Active Temporal Knowledge Graph Alignment

Active Temporal Knowledge Graph Alignment

Jie Zhou, Weixin Zeng, Hao Xu, Xiang Zhao
Copyright: © 2023 |Pages: 17
DOI: 10.4018/IJSWIS.318339
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Entity alignment aims to identify equivalent entity pairs from different knowledge graphs (KGs). Recently, aligning temporal knowledge graphs (TKGs) that contain time information has aroused increasingly more interest, as the time dimension is widely used in real-life applications. The matching between TKGs requires seed entity pairs, which are lacking in practice. Hence, it is of great significance to study TKG alignment under scarce supervision. In this work, the authors formally formulate the problem of TKG alignment with limited labeled data and propose to solve it under the active learning framework. As the core of active learning is to devise query strategies to select the most informative instances to label, the authors propose to make full use of time information and put forward novel time-aware strategies to meet the requirement of weakly supervised temporal entity alignment. Extensive experimental results on multiple real-world datasets show that it is important to study TKG alignment with scarce supervision, and the proposed time-aware strategy is effective.
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Temporal knowledge graphs (TKGs) store entities, their relationships, and time information with a structured knowledge representation. They are widely used to facilitate downstream tasks in the field of artificial intelligence, such as recommender systems (Schall, 2015) and natural language understanding (Choudhury et al., 2022). A TKG stores knowledge in the form of IJSWIS.318339.m01, where IJSWIS.318339.m02 is the subject entity, IJSWIS.318339.m03 is the object entity, IJSWIS.318339.m04 denotes the relation between entities, and IJSWIS.318339.m05 represents a specific timestamp or a time interval with beginning time and ending time. Typical TKGs include ICEWS14 (García-Durán et al., 2018), DELT (Trivedi et al., 2017), and Wikidata (Erxleben et al., 2014) which contain temporal facts; for example, the triple IJSWIS.318339.m06 is valid only from January 2021.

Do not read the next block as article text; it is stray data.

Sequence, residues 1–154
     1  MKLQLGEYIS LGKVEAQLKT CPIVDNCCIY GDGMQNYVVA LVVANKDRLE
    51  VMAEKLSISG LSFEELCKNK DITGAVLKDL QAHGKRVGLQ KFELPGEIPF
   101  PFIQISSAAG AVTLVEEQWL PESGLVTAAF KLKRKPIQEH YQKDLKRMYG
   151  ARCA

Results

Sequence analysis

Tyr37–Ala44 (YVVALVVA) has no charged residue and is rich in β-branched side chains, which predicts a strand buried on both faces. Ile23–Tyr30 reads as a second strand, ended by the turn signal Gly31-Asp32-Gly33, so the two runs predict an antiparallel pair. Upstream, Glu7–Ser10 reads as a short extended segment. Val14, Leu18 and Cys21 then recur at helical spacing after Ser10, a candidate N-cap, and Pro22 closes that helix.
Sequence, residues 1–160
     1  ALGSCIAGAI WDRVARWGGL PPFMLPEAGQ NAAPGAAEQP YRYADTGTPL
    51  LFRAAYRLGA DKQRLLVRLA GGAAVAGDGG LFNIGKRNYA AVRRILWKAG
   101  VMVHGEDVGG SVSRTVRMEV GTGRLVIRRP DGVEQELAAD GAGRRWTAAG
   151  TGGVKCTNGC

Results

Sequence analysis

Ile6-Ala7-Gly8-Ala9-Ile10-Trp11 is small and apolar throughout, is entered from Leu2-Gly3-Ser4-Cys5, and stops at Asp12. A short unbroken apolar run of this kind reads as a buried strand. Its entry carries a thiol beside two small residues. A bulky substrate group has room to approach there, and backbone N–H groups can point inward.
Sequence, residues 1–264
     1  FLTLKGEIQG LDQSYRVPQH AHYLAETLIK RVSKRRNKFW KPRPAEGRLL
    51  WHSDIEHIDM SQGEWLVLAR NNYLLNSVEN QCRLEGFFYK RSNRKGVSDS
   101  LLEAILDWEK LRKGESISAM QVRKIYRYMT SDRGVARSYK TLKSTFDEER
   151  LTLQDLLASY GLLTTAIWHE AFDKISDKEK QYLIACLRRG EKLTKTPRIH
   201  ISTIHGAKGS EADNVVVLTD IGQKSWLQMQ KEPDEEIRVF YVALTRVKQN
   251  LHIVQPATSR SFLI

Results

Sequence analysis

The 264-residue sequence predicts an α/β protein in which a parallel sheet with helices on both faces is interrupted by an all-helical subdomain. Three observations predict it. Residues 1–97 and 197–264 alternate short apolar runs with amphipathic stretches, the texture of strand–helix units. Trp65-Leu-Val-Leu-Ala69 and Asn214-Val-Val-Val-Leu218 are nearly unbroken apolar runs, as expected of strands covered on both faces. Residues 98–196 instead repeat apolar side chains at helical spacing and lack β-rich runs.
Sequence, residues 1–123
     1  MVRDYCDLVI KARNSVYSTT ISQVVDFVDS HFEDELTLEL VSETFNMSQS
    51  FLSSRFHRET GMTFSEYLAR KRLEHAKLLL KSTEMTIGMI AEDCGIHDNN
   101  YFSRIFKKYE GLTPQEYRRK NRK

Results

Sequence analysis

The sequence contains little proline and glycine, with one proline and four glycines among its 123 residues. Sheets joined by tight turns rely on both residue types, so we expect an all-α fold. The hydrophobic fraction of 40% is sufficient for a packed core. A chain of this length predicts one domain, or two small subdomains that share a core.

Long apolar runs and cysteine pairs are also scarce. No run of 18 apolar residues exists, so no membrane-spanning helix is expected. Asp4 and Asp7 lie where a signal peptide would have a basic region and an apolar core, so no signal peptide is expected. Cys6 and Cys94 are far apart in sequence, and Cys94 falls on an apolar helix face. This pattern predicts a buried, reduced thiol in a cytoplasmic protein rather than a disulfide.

Since most TKGs are developed independently, existing TKGs are often incomplete but complementary to each other. Thus, several TKG fusion approaches are put forward and attempt to combine several TKGs into a single and comprehensive one. As an important stage of TKG fusion, temporal entity alignment (TEA) is the task of detecting the equivalent entities (i.e., the entities that refer to the same object) from different TKGs.

The task of TEA is inherently challenging from at least the following aspects:

  • Usage of Time Information: In TKGs, most of the events have specific time stamps or time intervals, such as IJSWIS.318339.m07 and IJSWIS.318339.m08. If the observer neglecst the time information and only considers the relation IJSWIS.318339.m09 and the object entity IJSWIS.318339.m10, they may mistakenly match IJSWIS.318339.m11 and IJSWIS.318339.m12. Figure 1 provides a more specific example. Therefore, in TEA, it is critical to make good use of the time information.

  • Heterogeneity: Since most different TKGs are constructed individually and obtain source data from various channels, the same entities in different graphs may have different relations and time information with other entities. Different TKGs may cover the different parts of factual events, which makes matching more difficult. For instance, in Figure 2, the two entities IJSWIS.318339.m13 and IJSWIS.318339.m14 refer to the same entity in the real world, but it is hard to match them since they are associated with different events.

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